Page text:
Fibre Channel cant kick sand in the face of iSCSI anymore, according to eWEEK Labs testing.
iSCSI has been on the storage networking scene for several years now, but it has lagged behind Fibre Channel in several key enterprise areas, including performance, reliability and maturity. iSCSI-based products also have been relatively few and far between since the standard was ratified in 2003.
However, iSCSIs performance in head-to-head tests against Fibre Channel, as well as greater availability of iSCSI-based products, shows that iSCSI has matured into a viable substitute for Fibre Channel when storing data for typical business applications such as e-mail and workgroup databases. Its a good storage bet overall for SMBs (small and midsize businesses), and larger companies can use the technology for cost-effectively connecting low-end and midrange servers to SANs (storage area networks).
When compared with Fibre Channel, iSCSIs core strengths are ease of implementation and cost efficiency. Fibre Channel, on the other hand, has speed and maturity on its side—important considerations when talking about moving mission-critical data on storage networks.
iSCSI does consume server processor cycles, although storage managers have gotten around this through the use of TCP Offload Engine, or TOE, cards. For enterprise applications priced per CPU, however, we recommend sticking with Fibre Channel.
Interoperability—or lack thereof—was a big impediment to widespread enterprise use of iSCSI. iSCSI is a standard, but with no iSCSI initiator software built into major operating systems, iSCSI vendors were left to their own, proprietary devices. Now, however, most major operating systems include iSCSI initiator software.
iSCSI initiator software has been either included with, or freely downloadable for, AIX, Windows, NetWare and HP-UX for a few years now. Last year, Linux and Solaris followed suit. (The notable exception is Mac OS X.)
While there have been good reasons for the past couple of years to think iSCSI when evaluating SAN solutions, performance has been a big sticking point. All else being equal, a solution that cant get data where it needs to go in a timely fashion isnt a solution at all.
E-mail is an important market for iSCSI, and it is also an application whose performance depends on high-quality storage. For this reason, we chose to focus our testing on detecting performance differences between iSCSI and Fibre Channel storage systems when hosting e-mail data.
During tests using Microsofts Exchange Server 2003 Enterprise Edition, we found the performance gap between Fibre Channel and iSCSI to be negligible over a range of workloads. For very large data loads, Fibre Channel is still the way to go, but our tests show that iSCSI will be adequate for most applications.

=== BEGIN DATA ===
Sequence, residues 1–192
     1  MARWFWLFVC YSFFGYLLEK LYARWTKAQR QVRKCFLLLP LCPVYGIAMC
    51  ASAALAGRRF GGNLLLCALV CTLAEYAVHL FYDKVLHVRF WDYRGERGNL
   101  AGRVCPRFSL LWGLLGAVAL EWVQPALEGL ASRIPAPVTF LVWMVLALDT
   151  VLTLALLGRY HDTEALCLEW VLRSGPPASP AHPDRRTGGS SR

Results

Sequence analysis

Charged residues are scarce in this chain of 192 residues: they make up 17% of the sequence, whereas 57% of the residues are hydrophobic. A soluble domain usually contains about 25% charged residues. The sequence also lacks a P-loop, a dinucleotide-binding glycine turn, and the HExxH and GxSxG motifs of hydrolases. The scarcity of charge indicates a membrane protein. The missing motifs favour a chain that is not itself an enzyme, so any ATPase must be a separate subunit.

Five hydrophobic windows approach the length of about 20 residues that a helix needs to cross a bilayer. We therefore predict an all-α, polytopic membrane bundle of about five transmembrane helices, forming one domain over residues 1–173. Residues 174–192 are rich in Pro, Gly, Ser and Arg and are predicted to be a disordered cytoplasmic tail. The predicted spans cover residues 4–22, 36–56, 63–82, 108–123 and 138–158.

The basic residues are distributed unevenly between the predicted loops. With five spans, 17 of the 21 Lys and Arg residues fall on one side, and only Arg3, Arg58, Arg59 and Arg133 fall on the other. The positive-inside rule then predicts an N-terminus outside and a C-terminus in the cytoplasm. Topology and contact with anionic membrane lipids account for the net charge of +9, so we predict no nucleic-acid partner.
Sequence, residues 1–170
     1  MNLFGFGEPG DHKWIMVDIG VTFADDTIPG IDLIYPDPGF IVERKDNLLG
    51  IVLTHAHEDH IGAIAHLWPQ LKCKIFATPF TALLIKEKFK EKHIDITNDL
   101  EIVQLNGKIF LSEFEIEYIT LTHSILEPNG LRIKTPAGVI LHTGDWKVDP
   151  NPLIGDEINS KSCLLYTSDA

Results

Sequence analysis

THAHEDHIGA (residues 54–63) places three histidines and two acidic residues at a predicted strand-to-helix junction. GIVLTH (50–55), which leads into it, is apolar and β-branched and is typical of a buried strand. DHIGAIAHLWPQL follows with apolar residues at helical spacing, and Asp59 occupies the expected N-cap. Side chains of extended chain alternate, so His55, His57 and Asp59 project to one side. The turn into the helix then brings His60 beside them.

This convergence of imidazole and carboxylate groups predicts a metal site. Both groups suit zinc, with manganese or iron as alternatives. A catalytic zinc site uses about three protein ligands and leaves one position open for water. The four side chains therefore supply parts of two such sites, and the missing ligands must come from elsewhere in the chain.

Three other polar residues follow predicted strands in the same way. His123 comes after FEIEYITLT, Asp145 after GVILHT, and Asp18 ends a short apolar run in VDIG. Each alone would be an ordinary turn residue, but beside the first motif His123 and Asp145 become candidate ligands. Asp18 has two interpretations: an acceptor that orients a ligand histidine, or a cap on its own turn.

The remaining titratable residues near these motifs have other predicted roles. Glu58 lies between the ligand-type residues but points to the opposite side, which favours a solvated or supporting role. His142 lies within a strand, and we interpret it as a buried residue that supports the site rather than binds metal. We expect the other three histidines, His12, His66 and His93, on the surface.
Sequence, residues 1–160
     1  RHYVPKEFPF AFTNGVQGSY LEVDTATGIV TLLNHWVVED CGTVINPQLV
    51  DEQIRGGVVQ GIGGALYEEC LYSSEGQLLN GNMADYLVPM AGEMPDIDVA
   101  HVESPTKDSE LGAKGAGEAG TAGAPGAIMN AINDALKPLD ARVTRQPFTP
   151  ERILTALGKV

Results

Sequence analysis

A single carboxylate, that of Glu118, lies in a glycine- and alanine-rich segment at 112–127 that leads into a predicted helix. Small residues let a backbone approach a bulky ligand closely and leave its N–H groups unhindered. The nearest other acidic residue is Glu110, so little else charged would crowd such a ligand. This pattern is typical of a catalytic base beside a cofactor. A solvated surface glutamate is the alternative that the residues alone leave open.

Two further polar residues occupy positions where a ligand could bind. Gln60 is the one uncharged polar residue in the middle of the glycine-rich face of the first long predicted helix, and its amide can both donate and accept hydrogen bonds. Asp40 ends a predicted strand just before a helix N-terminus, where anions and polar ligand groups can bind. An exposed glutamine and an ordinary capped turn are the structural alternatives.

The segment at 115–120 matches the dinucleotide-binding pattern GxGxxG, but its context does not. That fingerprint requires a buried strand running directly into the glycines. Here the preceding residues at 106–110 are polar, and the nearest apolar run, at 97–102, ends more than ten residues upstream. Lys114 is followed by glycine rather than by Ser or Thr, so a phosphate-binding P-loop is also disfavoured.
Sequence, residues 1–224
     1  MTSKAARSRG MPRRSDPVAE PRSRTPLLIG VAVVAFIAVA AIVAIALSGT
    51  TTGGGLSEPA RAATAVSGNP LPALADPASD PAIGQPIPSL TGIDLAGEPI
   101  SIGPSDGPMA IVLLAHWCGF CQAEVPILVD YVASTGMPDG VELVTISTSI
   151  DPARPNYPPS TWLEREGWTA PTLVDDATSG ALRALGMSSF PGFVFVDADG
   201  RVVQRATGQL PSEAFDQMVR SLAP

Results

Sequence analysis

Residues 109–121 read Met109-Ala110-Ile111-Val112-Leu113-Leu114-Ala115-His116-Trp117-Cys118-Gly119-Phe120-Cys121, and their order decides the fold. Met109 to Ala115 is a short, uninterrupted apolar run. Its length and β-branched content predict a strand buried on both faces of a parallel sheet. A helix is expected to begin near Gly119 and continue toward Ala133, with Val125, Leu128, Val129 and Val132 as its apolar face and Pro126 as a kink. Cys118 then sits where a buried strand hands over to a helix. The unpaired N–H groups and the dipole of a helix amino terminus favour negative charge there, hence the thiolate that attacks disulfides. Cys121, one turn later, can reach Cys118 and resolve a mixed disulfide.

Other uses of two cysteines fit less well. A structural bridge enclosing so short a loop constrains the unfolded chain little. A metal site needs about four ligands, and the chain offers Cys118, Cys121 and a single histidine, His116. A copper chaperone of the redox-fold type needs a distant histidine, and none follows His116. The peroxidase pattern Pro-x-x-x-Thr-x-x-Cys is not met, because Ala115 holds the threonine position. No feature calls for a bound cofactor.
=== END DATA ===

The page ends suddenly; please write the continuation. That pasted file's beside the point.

We ran benchmarks using Microsofts LoadSim 2003. We configured our storage units and our SUT (server under test) for production-level settings.
We ran each test iteration twice, storing the Exchange mail stores first on a Fibre Channel-based Dell/EMC AX100 system and then using an iSCSI-based Dell/EMC AX100 storage system.
LoadSim 2003 populates Active Directory with user accounts and creates mailboxes for these accounts, complete with messages and distribution lists. We used an MMB3 profile—the workload profile that vendors and analysts use when publishing LoadSim results—that ran each user account through the typical activities seen during an 8-hour business day. For example, the LoadSim 2003 server orders virtual users to create, delete and modify messages and appointments in their accounts.
The primary metric for gauging performance in LoadSim 2003 is a latency measurement for the 95th percentile of transactions. The smaller the score, the faster an operation is completed.
In our first round of tests, running with 500 virtual users, the Exchange server turned in a score of 279 when using Fibre Channel storage. (That is, it took 279 milliseconds on average to complete the top 95 percent of transactions.) Running the same 500-user load with iSCSI, the LoadSim 2003 score went up only slightly, to 299. (Remember, the lower number is better with these tests.)
iSCSI was slower than Fibre Channel each time we increased the user workload, but the gap was always minuscule.
Interestingly, both the iSCSI and Fibre Channel storage units hit their breaking points at 1,200 virtual users. At this point, the Fibre Channel LoadSim 2003 score was 932, and the iSCSI score was 954.
Microsoft considers only scores under 1,000 ms as acceptable, and neither storage system garnered a passing score while servicing more than 1,200 users.